that might carry tho bark out against tbo cur
rent. About 8:30 o'clock, while all bands wero
waiting for tho breeze, tho Harris suddenly
stuck hard and fnst on ono of tho coral reefs
that mako tho paths of ships near tho South
American shore so clangorous. Tho sea began
to break over thu ship, but thorn was no im
mediate danger of her going to ploccs, olllcors
and men decided to BtlcK by her until morning.
Karly the neAtdav CapL DiiBey and a host's
crow nut oil for tho shoro for assistance, llctoro
he rclurned the vessel begnn to breakup and
tbo crew set distress signals in tho rigging.
These weru answered In n short tlmo by about a
scora of tiothcs In small boats. As soon ns
thcsuhoaiHgot near enough the natives, with
drawn kiihcs, attempted to board tho bark.
Seeing what their Intention was, Hooper aays,
ho ordered tho crow lo stand by with revolvers,
mnrllnspikt'g. and ctitlnsi-es. The orders were
not to kill unlcs it wns absolutely necessary.
It was not ncccss-iry to lire a shot in order to
keep the pirates from hoarding tho ship, but it
was necessary. Hooper rmjs, lo break several
heads. This the Yankee sailors did with ncat
ncss nnd despatch lultb the spikes. The hattlo
was kept up until well lu tbo afternoon, wnen
tho natives gave up nnd returned to the shore.
Near evening ('apt. Dasoy returned to the ship
with a lighter, but the ciow refused to endanger
their lives lu nn attempt to savo tha cargo.
Therefore! the bark was abandoned nnd all the
crow wero tnkun olT. Tlicv wero landed at
Natal nnd from thero sent to I'crnambitco,
From thoro Hooper nnd threo nf the crew took
passngu for New York on tho Hevellus. Capt.
Dasey, Hooper says, with others of the crew, re
mained at Natiil to look after the Interests of tbe
owners of tho bark.
Tho Marlon fU Harris was built In 1883 at
Krngcroe, Norway. She wns first named tbo
Linda. A few yo.irs ago sho was bought by a
Philadelphia firm nnd her name was changed.
She was of -IKt tons burden.
KILLED HIMSELF WITH CHLOBAL.
Epstein Bald lln Could Sot Uet Work In Ilia
Apalosjr Tor Taking lllo Lire.
After two unsuccessful attempts to end his
lifo with morphine, Edwin J. Knstcln took a
futal doo of. chloral in a room in the Mills
Hotel in Ulccckcr street yesterday. Ho was
discovered unconscious by a hotel cmployoo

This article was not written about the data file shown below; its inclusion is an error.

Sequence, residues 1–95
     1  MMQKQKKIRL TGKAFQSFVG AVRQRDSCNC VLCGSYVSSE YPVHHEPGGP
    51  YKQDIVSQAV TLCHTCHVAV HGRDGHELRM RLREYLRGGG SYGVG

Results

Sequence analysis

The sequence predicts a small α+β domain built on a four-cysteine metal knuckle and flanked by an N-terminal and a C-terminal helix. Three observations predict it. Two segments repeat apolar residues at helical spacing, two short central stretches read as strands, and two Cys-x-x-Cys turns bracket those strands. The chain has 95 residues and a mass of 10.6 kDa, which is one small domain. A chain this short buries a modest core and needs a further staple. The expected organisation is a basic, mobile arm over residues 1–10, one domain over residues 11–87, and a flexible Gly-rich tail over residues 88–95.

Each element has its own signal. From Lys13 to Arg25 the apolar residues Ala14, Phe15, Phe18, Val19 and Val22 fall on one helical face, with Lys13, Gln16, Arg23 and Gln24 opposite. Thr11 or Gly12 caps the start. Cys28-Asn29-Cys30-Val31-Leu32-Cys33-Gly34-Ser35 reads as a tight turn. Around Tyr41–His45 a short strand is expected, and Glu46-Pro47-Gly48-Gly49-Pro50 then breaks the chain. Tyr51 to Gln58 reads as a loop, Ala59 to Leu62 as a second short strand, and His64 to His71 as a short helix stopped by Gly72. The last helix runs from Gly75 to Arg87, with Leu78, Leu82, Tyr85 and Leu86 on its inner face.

and died later In .St. Vincent's Hospital. He
left an open letter, dated Dec. 18, saying that
lack of work cnttsed hlm to kill himself. Parts
of It wero ns follows:
"Tho end has' como. Tho struggle was too
uneven. A career Is ended which had every
prospect of helm; n brilliant one. A man in
tbo priuio of life must die who has everything
to Uvu for, nnd ct ho cannot prevent it. It
(-corns almost iiutcdiblo that a man born and
bred in tho city of Now York, of good family,
enjiniug nn education far abovo tho in erase,
speaking set urnl;forign languages, should tlnd
it absolutely luinossibla to obtain employment
of any kind. Will any ono believe It I No!
My education was tho source of infi
nite pleasure whcn;I was prosperous, moving in
the best society, Ac. Hut to bo used as a means
of securing employment It is useless. Any
man who can rend or write that is ordinarily
bright bus, equal chances with inc.
There, therefore, remains but tho Btcp
which I nm about to take. Without money I
must starve. Without employment 1 cannot
make money. 1 cannot oxpect assistance from
nnv source whntcver that would bo of material
and lasting beneilt. My friends havo dis
appeared." Toward the end of his apology for taking his
Ufa tho sulclilo nsked to novo sovcrnl letters
ho had written forwarded'to their different ad
dresses. Ono was uddressed to Solomon Ot
tcnheliucr of 5I Kast Klgliticth Btreet, whom
ho clcscribo.l ns his undo. Mr. Ottcnhclmer
could not bo seen Inst ovening.
Kpstcln hud lived nt tho Mills Hotel about
threo weeks under tho namo of Krving. Ho
hnd not formed uny ncqiinlntanccs there, and
thu pollro hnd not been ablo to learn anything
about his former lifo tip to a late hour last
night.
KILLED HERSELF AT LAST.
'Rfra. Sharp V Fourth Attempt at Suicide
I'lovea Huccnsarul.